Glaring, the high druid stalked from the room. The queen turned back to Will. “Listen carefully, priest. We know well our son-in-law was murdered, and by no gods. But you must prove it. You say you were awake in the anteroom by the sanctuary the night long. Did you hear nothing suspicious? Did you leave the antechamber at any time?”

Will drew on every memory trick the druids had beaten into him on Mona. The night replayed itself for him, at high speed and in perfect detail. “Only once, ma’am. And that was only to see that all was well with the earl.”


“Because I heard . . . ” Will’s eyes widened. “Because he cried out. And there was a splash; I thought he might have gone sleepwalking and stepped in the fish pool.”

“Had he?”

“No. He was sitting up in his bed, rubbing his arm. He lay down again without speaking to me. Then he began to laugh. I thought he’d had a funny dream. I went back into the antechamber. A little later I heard him coughing. I would have gone out again, but it stopped.”

“Which arm was he rubbing?”

“The right one,” said Will.

“Which was the arm that was wounded, my druids tell me.”

“Yes, ma’am.” Will hung his head, imagining the noose already around his neck. “That must have been when he was bitten. But I saw nothing when I looked out, I swear.”

“He laughed, you say.” The queen looked opaque, unsmiling. Her hand clenched a moment on her spear. “And you use the word bitten. Do you truly think something bit him?”

“Well—no, ma’am.” Will dared to look up. “At least, not Glycon, because—”

“Because Glycon is a clever puppet,” said the Living Boudicca. “Tush, man, did you think we hadn’t already found out as much?”

Will fell to his knees. “Oh, great Queen, be merciful. We never meant to mock the gods! Only to make money.”

She waved him to rise, impatiently. “Which is an honest desire, compared to what some men lust after. Little man, you have our protection, as far as we may give it. Volsinghome and his party will make political capital of this death, if they can; they will incite the people to fear foreign gods. They cannot see that it is in our interest to shelter fellow polytheists.”

“Your Majesty is indeed a loving and merciful great mother,” said Will, heart pounding.

“No; Volsinghome is a fool,” said the queen. “Caesarion converts with the sword, and his one-God priests are ruthless in suppressing any thought they do not approve. What happens then? The best minds of the east flee his empire in droves. Because we offer them refuge, they bring us their skills, their inventions. If rogues like your accomplices come with them, it makes no odds; our nation grows rich all the same.

“Perhaps Volsinghome fears that foreign gods are stronger than our own, in which case we don’t think much of his faith,” she added, with a fearsome sneer. “Perhaps he simply dislikes seeing brown faces in the marketplace, or smelling strange spices in the air. Ha! We will not shape our state to suit his delicate nerves. We absorbed his Saxon race and remained Brithan; these hordes too we shall gather in.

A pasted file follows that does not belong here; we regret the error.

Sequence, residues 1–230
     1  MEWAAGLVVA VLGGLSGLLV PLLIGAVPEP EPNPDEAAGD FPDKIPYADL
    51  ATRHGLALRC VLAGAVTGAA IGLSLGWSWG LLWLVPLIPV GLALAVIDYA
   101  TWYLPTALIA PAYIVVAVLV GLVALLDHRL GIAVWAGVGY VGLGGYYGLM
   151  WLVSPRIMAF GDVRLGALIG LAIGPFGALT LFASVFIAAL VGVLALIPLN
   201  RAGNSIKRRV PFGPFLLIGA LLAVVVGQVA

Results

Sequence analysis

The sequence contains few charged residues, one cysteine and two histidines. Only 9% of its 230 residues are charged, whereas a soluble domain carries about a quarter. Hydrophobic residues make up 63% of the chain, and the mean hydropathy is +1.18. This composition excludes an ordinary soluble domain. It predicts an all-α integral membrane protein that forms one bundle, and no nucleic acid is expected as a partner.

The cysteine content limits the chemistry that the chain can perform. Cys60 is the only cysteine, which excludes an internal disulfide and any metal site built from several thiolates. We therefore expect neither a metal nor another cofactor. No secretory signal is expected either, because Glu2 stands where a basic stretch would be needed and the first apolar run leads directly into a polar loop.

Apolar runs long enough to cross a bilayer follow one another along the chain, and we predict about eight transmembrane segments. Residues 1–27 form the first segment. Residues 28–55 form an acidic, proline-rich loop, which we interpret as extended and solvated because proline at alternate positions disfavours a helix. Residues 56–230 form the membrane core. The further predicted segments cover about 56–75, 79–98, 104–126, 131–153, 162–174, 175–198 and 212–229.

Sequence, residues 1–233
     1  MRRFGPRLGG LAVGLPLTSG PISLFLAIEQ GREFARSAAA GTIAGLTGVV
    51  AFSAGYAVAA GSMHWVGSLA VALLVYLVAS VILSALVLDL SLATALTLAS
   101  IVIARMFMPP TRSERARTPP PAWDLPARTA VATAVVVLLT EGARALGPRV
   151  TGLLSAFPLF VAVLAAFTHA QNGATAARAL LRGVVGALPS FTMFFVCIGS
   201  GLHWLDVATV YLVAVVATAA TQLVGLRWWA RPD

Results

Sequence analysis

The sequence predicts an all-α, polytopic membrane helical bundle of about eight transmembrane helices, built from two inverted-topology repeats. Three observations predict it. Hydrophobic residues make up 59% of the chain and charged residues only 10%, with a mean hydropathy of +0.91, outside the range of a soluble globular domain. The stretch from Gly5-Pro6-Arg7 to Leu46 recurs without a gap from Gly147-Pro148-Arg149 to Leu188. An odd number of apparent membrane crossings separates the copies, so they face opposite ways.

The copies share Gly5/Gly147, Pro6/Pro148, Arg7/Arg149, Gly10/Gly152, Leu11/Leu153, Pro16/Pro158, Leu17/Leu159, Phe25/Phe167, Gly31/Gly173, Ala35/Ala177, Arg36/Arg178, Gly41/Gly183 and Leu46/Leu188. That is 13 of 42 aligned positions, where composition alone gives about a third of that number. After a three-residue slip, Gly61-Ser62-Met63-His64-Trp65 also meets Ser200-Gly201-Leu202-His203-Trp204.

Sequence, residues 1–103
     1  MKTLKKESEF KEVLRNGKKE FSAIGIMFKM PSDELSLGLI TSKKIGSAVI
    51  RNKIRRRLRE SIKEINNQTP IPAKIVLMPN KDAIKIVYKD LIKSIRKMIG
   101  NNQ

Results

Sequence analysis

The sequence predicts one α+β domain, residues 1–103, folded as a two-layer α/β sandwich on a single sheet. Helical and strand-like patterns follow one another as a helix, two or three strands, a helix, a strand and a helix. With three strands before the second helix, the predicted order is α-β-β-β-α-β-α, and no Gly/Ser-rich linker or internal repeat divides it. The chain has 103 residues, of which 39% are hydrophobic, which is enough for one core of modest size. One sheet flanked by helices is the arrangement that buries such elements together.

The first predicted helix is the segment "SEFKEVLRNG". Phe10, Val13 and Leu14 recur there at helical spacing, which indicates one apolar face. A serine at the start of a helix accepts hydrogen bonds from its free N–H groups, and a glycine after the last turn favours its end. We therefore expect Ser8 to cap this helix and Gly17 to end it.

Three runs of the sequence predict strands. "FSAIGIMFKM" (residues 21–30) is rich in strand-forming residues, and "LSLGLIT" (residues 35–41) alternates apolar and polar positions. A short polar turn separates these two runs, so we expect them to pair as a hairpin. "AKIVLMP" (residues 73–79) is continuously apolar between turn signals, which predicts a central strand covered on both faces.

“And therefore we have made our decision. We shall announce that it was a man, and no god, who killed the earl.” She pointed her spear at Will. “But you must furnish us with some plausible proof of murder. What made the splash you heard, little Master Shaxpur?”

Scorilo and Alazon were packing frantically when he returned.

“Where do you think you’re going?”

“Down to the river at midnight,” said Alazon. “We steal a boat, we go over to Gaul. Coming with us?”

“No,” said Will. “I had an audience with the queen.” He looked around the sanctuary, thinking hard. “Has anybody been out to feed the fish this morning?”

“What?” Alazon turned to stare at him.

“It’s all this rain,” said Scorilo, with a groan. “Makes their brains mildew. Where are you going?” For Will had turned and run out to the pool in the rear of the temple precinct. They followed him.

“Oh! Look at that!” cried Scorilo, falling to his knees in dismay. “It’s an omen! A terrible omen!”

“Damn!” said Alazon. “Those fish cost a fortune!”

For all the red carp in the pool were now floating belly up, quite dead. Will was pacing along the edge of the pool, peering down into the water. He went into the antechamber long enough to fetch a pair of tongs from its fireplace; coming back he knelt on the pool’s coping and, using the tongs, carefully pushed aside the lily pads to look beneath. “Ah,” he said.

“What have you found?” Alazon ran to his side.

“The murder weapon, I think,” said Will. Using the tongs, he drew out a long slender object. It was a tin novelty backscratcher in the shape of an arm and flexed hand, the sort that tourists brought back in hundreds from Cornwall every summer. This one had a twist of thick wire wrapped around the hand, the two sharp ends bent downward. Will pulled his sleeve down to cover his hand and picked it up, swinging it experimentally. It punched two neat holes in the surface of a lily pad, just like fang marks.

Will peered at the wire points again. They were discolored.

The murderer had clearly scaled the rear precinct wall, which was not especially high, and left in the same manner. The following day a body was found floating in the Thames, a thin and ragged man with a cut throat. Oddly, he had not been robbed; he had a golden guinea in his purse.

The verdict on both the beggar and the earl was murder by persons unknown.

Standing at the late earl’s pyre, as Scorilo chanted hastily improvised funeral rites, Will watched the royal family and wondered just how much was known. Princess Arnemetia and her son looked daggers across the flames at Princess Berecyntia and her husband, the earl of Kent, where they stood by Volsinghome. All three were smirking, making no effort to conceal their glee. The queen looked on, impassive, her eyes hooded.